A bright, gray light illuminates the stage, which is empty except for a tired, sagging tree; two rock-like structures made of carpet; and orange cords hanging from the ceiling. The audience, hushed, waits for thirty seconds. The stage is still. Fifteen seconds more. Nothing. People start rustling in their seats. Another fifteen seconds, and an alarm clock starts blaring. Carpets are unrolled. Nerf guns are shot. Patti & The Kid has begun.
For the first half of the play, uncomfortable silence seems to be the norm. In their post-Apocalyptic world, Patti and Kid never speak; rather, the only soundtrack is the blaring of a CD player, which accompanies the two characters as they Jazzercise, eat carrots, and make coffee—completely normal activities, which perfectly juxtapose with the strangeness of the situation. Patti and Kid are wary of the area outside their carpets, and only leave their spaces when standing on a small rolling carpet square and pushing themselves around with a broom. The only technology onstage is old—the clunky CD player, the coffee maker, the alarm clock—yet clearly integral to these characters’ lives.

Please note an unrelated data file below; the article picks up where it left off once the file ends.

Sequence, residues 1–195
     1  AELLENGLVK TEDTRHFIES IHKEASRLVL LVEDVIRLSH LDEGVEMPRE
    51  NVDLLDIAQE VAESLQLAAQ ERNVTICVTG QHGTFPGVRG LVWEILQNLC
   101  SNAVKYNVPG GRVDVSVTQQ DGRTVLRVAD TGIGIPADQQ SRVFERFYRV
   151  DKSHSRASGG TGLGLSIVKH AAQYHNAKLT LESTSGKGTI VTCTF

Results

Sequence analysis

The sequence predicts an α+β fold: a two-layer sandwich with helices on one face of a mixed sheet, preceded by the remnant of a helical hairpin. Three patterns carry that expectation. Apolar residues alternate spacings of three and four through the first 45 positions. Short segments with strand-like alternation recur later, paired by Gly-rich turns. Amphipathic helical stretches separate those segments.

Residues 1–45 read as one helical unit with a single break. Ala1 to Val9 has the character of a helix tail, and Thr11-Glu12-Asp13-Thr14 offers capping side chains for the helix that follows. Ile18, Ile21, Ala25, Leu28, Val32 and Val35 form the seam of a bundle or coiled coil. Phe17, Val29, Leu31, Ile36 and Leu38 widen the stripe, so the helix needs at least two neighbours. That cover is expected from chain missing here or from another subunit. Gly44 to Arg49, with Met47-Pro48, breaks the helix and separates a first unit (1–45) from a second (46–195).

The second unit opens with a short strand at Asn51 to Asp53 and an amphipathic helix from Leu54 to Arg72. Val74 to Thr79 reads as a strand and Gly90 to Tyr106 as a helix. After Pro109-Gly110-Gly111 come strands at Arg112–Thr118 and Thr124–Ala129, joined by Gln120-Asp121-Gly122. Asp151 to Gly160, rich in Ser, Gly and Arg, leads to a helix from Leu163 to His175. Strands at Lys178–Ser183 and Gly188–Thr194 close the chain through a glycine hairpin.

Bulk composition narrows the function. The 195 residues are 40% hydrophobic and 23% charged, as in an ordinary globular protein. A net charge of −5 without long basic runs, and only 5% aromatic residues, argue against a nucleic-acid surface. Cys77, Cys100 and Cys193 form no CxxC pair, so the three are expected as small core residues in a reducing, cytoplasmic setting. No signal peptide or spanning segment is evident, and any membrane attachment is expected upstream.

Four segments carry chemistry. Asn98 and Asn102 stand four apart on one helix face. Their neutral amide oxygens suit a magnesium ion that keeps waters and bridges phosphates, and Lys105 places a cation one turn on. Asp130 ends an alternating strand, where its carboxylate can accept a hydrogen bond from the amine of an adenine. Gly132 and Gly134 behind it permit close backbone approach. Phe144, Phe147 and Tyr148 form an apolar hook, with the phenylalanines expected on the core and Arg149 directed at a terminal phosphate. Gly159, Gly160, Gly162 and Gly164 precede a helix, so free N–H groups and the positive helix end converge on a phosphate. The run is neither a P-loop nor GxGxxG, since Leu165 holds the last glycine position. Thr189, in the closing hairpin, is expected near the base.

One starts to believe the silence is some sort of side effect from the Apocalypse. But then Tammy—the antithesis of Patti and Kid, a little girl who seems to have no problem with this new, post-Apocalyptic world—arrives with her feet firmly planted on the ground. She breaks both the fourth wall,addressing the audience directly,and whatever spell has kept Patti and Kid from speaking. While the two characters’ actions originally have the tired, monotonous air of repetition, their silence shows they have performed their morning routine so many times that no words are needed; with the entrance of Tammy, Patti and Kid move into uncharted territory, and discuss previously buried parts of their lives through cathartic monologues.